Thian Hock Keng (Tian Fu Gong) at Telok Ayer St had come up with a bigger programme kicking off the festival with a performance by popular Taiwanese folk singer, Deng Zhi Hao on 19 Apr 2014. He last performed in this temple in 1996 and 2010. Both Buddhist and Taoist rituals were conducted during this celebrations. There was also a Hokkien Marionette on the 22 April morning followed by a Getai (variety show) in the evening.
For Wak Hai Cheng Beo (Yue Hai Qing Miao, also known as Yueh Hai Ching Temple), this year is special because the temple has just completed its restoration and the temple was in full splendour with the celebration that included a two day performance of the Teochew iron-stick puppet, a puppetry unique to the Teochews.
Away from Chinatown, there are many more Mazu temples and shrines celebrating. Across the Singapore River is the Hainanese Tian Hou Gong at Beach Rd (you have to enter the Hainan Association building to see the temple). Further inland are the Cantonese Mazu temples in Sin Ming Industrial Estate and Ang Mo Kio St 44 Avenue 10. In Geylang is the HengHwa (Putian) Mazu Temple.
Mazu temples can be considered as closely linked to the early Chinese arriving in Singapore. Mazu, known as Goddess of the Sea, with many titles bestowed by different Chinese Emperors, amongst them the most commonly known is Tian Hou (Heavenly Empress), was the Goddess whom the Chinese would pray to thank upon coming ashore. It is said that when Admiral Cheng Ho (Zheng He) came to Nanyang and the oceans as far as off the African coast, his big ships would have the statues of Mazu to guide and protect the ships, and to whom they could seek for help when encountering stormy seas.
Thian Hock Keng and Wak Hai Cheng Beo are possibly the oldest Mazu temples in Singapore. In the old days, as is now, these temples were built for their own communities, usually dialect or associated vicinities in China. Thian Hock Keng would be mainly for Hokkiens from Hokkien (Fujian), China. Wak Hai Cheng Beo would be for the Teochews, and for Cantonese too as one could see Cantonese Taoist Priests performing rituals in this temple (since they all come from GuangDong).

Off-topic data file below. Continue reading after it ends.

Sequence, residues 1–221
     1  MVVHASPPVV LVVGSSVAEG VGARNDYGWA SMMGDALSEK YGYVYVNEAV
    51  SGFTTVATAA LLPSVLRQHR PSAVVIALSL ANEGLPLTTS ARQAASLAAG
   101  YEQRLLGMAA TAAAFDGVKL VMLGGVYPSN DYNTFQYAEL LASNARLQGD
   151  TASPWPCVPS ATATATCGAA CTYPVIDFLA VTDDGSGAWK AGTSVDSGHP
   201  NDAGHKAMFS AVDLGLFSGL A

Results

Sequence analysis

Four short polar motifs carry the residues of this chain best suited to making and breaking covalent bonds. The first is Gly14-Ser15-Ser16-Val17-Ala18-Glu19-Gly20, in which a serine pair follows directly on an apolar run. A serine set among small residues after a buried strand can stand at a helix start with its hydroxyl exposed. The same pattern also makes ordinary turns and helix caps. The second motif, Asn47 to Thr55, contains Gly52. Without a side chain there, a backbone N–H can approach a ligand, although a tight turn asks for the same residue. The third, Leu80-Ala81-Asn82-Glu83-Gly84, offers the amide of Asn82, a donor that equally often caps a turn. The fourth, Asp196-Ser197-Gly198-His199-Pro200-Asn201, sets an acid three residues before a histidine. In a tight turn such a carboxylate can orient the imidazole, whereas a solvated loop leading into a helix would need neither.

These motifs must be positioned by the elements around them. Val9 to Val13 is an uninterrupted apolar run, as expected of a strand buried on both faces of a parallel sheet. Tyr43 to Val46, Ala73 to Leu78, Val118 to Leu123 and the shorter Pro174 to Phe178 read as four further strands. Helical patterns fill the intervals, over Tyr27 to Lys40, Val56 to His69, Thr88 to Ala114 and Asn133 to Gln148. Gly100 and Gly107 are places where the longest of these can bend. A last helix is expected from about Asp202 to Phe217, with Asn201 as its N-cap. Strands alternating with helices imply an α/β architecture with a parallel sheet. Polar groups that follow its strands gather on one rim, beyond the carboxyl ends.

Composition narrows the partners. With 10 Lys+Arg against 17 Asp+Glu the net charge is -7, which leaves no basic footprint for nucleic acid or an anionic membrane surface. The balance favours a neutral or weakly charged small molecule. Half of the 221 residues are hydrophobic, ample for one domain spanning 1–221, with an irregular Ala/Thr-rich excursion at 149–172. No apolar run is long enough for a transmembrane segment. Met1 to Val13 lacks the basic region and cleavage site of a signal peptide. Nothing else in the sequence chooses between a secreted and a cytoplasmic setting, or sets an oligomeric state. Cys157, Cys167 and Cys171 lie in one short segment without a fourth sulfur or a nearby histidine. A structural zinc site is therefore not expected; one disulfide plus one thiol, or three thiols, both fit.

While the deity, Mazu, is one and the same, the Taoist rituals, the tradition and customs of offerings and even entertainment such as puppet show or opera are uniquely different. During the Mazu festival, if you are keen to observe the traditions of different dialect groups in their celebrations, visit all the different temples. The Hainanese temple would have their Hainanese rod puppet. The Cantonese would usually have Cantonese Opera.
I remember when I was very young, during Chinese New Year eve, my grandma and mum would bring me to Thian Hock Keng on a trishaw late into the night to offer our first joss sticks to Mazu, whom we affectionally called Ma Chor Po (literally translated as Grandma Mazu). And on Ma Cho See (Mazu Birthday) too. As kids we were not too keen to go because of the smoke from the burning joss sticks and joss papers. Today, there is almost an absence of it as the burning joss sticks were efficiently taken off from the joss urns after a couple of minutes, in some cases, seconds. While the form might change, the sense of belief remains as I observe the devotees prayed fervently, communicating with Mazu, privately one-to-one. During lunch time, smartly dressed office workers would come to the temple to pay their respects and seek blessings. Only Mazu knows the many requests made of her, be it blessing, solving of a problem, or to lend a listening ear.
These two temples, built in 1800s (Thian Hock Keng in 1842 and Wak Hai Cheng Beo in 1855), with a couple of restorations, are amongst the oldest in Singapore. Only they alone witnessed the changing tides of Singapore. The sea is no longer visible, surrounded by towering concrete blocks. But when you enter the temple courtyard you enter into another world, easily one that could be 150 years ago.